Compound 2 (1.32 g, 1.47 mmol, 1 equiv.) was dissolved in DMF (20 ml). 1-(2-Nitrophenyl(ethylamine) (426 mg, 2.36 mmol, 1.6 equiv.) was added dropwise to the reaction mixture. The reaction mixture was stirred for 1 day at room temperature and then for 1 day at 90 °C. 4-Dimethylaminopyridine (18 mg, 0.15 mmol, 0.1 equiv.) was added and the reaction mixture was stirred for 1 day at room temperature and then for 5 h at 90 °C. N,N-Dimethylaminopyridine (0.5 equiv.) was added because of the incomplete conversion of the starting material. The reaction mixture was stirred for 5 h at 90 °C and then for 60 h at room temperature. Upon completion, the solvent was removed, CH2Cl2 was added and the reaction mixture was washed consecutively with a solution of 5% aqueous citric acid and then a saturated aqueous solution of NaHCO3. The organic layer was dried over MgSO4, filtered and concentrated to afford the crude product, which was purified by column chromatography (cyclohexane/ethyl acetate 1:2 v/v) to afford the product 9a (823 mg, 1.06 mmol, 72%) as a colourless foam. 1H-NMR (400 MHz, DMSO-d6): δ=8.74–8.73 (m, 1H, NH), 8.36 (bs, 1H, H2), 7.96–7.92 (m, 1H, H8), 7.89–7.85 (m, 2H, Har), 7.67–7.63 (m, 1H, Har), 7.44–7.40 (m, 1H, Har), 7.38–7.33 (m, 2H, Har), 7.27–7.15 (m, 7H, Har), 6.86–6.80 (m, 4H, Har), 6.02–5.96 (m, 1H, 1′-H), 5.80–5.74 (m, 1H, CH), 5.46–5.44 (m, 1H, 3′-H), 4.92–4.85 (m, 1H, 2′-H), 4.22–4.20 (m, 1H, 4′-H), 3.73–3.71 (m, 6H, OCH3), 3.37–2.35 (m, 2H, 2 × 5′-H), 3.21 (bs, 3H, OCH3), 2.09 (s, 3H, OCH3), 1.65 (d, J=6.9 Hz, 3H, CH3) p.p.m. 13C-NMR (62.9 MHz, DMSO-d6): δ=158.1, 158.1, 158.1, 152.3, 152.2, 148.8, 144.7, 144.6, 140.1, 135.5, 135.3, 135.2, 133.4, 129.7, 129.7, 129.6, 127.8, 127.7, 127.6, 127.4, 126.7, 123.6, 113.1, 85.7, 85.7, 81.3, 79.5, 70.8, 70.7, 63.3, 58.1, 55.0, 20.7, 20.6 p.p.m.
Synthesis of 5′-O-(4,4′-dimethoxytrityl)-6-N-(1-(2-nitrophenyl)ethyl)-2′-O-methyladenosine (9b)
An MeNH2 solution (8 M in ethanol, 30 ml, 240 mmol, 67.2 equiv.) was added to compound 9a (2.77 g, 3.57 mmol, 1 equiv.) and stirred overnight at room temperature. Ethanol and methylamine were removed under reduced pressure and the crude product was purified by column chromatography (cyclohexane/ethyl acetate 2:1→1:1→1:2→1:4 v/v) to afford the product 9b (2.41 g, 3.29 mmol, 92%) as an yellow foam. 1H-NMR (400 MHz, DMSO-d6): δ=8.73–8.67 (m, 1H, NH), 8.35–8.31 (m, 1H, H2), 8.10–7.99 (m, 1H, H8), 7.89–7.86 (m, 2H, Har), 7.69–7.63 (m, 1H, Har), 7.46–7.34 (m, 3H, Har), 7.25–7.21 (m, 7H, Har), 6.87–6.80 (m, 4H, Har), 6.05–6.00 (m, 1H, 1′-H), 5.82–5.74 (m, 1H, CH), 5.27 (bs, 1H, 3′-OH), 4.46–4.41 (m, 2H, 3′-H, 2′-H), 3.74–3.73 (m, 7H, 4′-H, OCH3), 3.34 (bs, 3H, OCH3), 3.26–3.20 (m, 2H, 2 × 5′-H), 1.66 (d, J=6.9 Hz, 3H, CH3) p.p.m. 13C-NMR (75.5 MHz, DMSO-d6): δ=158.0, 158.0, 154.3, 153.2, 152.3, 152.2, 152.0, 150.0, 148.8, 144.8, 140.4, 139.9, 139.6, 135.5, 135.5, 135.3, 133.5, 129.8, 129.6, 127.7, 127.7, 127.6, 126.6, 123.6, 119.7, 113.1, 85.6, 85.5, 83.5, 81.8, 69.0, 63.5, 57.7, 57.7, 55.0, 44.7, 30.7, 21.4 p.p.m. MALDI-HRMS: m/z calculated for C40H41N6O8 [M+H]+ 733.29804, found 733.29694 (Δm=0.0011, error 1.5 p.p.m.).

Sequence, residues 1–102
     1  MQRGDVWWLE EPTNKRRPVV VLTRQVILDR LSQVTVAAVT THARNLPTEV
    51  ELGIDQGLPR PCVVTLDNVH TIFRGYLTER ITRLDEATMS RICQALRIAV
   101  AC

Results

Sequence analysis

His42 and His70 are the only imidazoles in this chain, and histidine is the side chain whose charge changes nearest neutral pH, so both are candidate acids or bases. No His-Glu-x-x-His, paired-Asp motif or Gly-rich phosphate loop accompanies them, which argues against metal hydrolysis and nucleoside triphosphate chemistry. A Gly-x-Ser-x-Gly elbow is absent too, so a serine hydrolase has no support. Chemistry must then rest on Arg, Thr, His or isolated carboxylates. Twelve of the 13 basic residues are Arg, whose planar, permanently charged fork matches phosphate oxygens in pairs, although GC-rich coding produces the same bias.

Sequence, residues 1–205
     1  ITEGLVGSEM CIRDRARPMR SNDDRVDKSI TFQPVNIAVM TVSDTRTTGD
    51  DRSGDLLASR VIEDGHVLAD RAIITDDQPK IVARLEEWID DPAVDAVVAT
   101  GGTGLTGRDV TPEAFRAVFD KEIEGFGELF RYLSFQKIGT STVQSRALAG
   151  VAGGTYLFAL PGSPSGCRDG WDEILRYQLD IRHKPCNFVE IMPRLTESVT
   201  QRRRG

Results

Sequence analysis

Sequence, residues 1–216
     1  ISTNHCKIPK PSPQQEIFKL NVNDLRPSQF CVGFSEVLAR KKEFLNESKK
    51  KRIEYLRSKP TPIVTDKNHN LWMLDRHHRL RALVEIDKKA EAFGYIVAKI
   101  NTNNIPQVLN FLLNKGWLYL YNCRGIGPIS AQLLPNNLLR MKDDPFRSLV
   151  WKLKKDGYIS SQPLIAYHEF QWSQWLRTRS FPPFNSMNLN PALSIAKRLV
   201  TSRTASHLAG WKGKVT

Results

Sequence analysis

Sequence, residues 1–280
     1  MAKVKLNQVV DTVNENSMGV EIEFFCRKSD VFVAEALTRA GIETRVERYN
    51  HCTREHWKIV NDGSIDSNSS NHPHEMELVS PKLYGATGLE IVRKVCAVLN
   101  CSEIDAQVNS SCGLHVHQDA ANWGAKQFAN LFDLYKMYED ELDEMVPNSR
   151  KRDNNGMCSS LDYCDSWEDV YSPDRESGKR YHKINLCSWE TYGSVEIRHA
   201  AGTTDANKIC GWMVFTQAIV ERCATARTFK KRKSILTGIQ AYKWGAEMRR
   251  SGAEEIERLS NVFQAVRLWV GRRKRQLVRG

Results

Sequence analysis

Synthesis of 3′-O-(2-cyanoethoxy-N,N-diisopropylamino)phosphine-5′-O-(4,4′-dimethoxytrityl)-6-N-(1-(2-nitrophenyl)ethyl)-2′-O-methyladenosine (10)
Diisopropylethylamine (145 μl, 0.83 mmol, 5 equiv.) was added to a solution of compound 3b (122 mg, 0.167 mmol, 1 equiv.) in CH2Cl2 (4 ml), and the reaction mixture was stirred for 5 min at room temperature. Then 2-cyanoethoxy-N,N-diisopropylaminochlorophosphine (75 μl, 0.33 mmol, 2 equiv.) was added, and the mixture was stirred for another 90 min at room temperature. CH2Cl2 was added and the mixture was washed with saturated aqueous NaHCO3 solution and dried over MgSO4, filtered and concentrated to afford the crude product, which was purified by column chromatography (cyclohexane/acetone 3:1→2:1 v/v) to afford the product 10 (112 mg, 0.12 mmol, 72%) as an yellow foam. 1H-NMR (300 MHz, DMSO-d6): δ=8.69–8.68 (m, 1H, NH), 8.37–8.33 (m, 1H, H2), 7.98–7.92 (m, 1H, H8), 7.87–7.84 (m, 2H, Har), 7.67–7.62 (m, 1H, Har), 7.45–7.37 (m, 1H, Har), 7.35–7.29 (m, 2H, Har), 7.23–7.17 (m, 7H, Har), 6.84–6.79 (m, 4H, Har), 6.03–6.02 (m, 1H, 1′-H), 5.78–5.72 (m, 1H, CH), 4.69–4.60 (m, 2H, 3′-H, 2′-H), 4.19–4.08 (m, 1H, 4′-H), 3.83–3.77 (m, 1H, OCH2CH2CN), 3.72–3.70 (m, 6H, OCH3), 3.64–3.48 (m, 3H, OCH2CH2CN, CH), 2.78–2.75 (m, 1H, OCH2CH2CN), 2.62–2.58 (m, 1H, OCH2CH2CN), 3.32–3.19 (m, 5H, OCH3, 2 × 5′-H), 1.64 (d, J=6.8 Hz, 3H, CH3), 1.22–1.00 (m, 12H, CH3) p.p.m. 31P-NMR (121.4 MHz, DMSO-d6): δ=149.4, 149.2 p.p.m.